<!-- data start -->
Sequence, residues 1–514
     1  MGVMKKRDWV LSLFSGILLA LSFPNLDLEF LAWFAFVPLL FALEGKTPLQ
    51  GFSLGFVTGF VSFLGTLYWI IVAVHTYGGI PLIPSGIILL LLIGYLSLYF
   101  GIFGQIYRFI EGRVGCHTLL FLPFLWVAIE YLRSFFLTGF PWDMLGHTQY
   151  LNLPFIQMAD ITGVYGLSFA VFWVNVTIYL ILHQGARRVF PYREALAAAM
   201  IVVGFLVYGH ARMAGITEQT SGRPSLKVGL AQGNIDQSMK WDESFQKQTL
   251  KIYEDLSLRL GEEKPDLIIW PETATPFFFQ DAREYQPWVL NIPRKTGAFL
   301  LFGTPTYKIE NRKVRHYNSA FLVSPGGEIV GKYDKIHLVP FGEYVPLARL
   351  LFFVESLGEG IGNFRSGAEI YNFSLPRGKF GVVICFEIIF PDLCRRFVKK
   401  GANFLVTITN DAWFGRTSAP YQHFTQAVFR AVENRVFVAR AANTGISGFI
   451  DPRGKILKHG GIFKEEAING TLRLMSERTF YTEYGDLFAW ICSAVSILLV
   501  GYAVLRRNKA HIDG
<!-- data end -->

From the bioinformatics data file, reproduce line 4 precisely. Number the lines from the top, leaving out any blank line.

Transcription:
   101  GIFGQIYRFI EGRVGCHTLL FLPFLWVAIE YLRSFFLTGF PWDMLGHTQY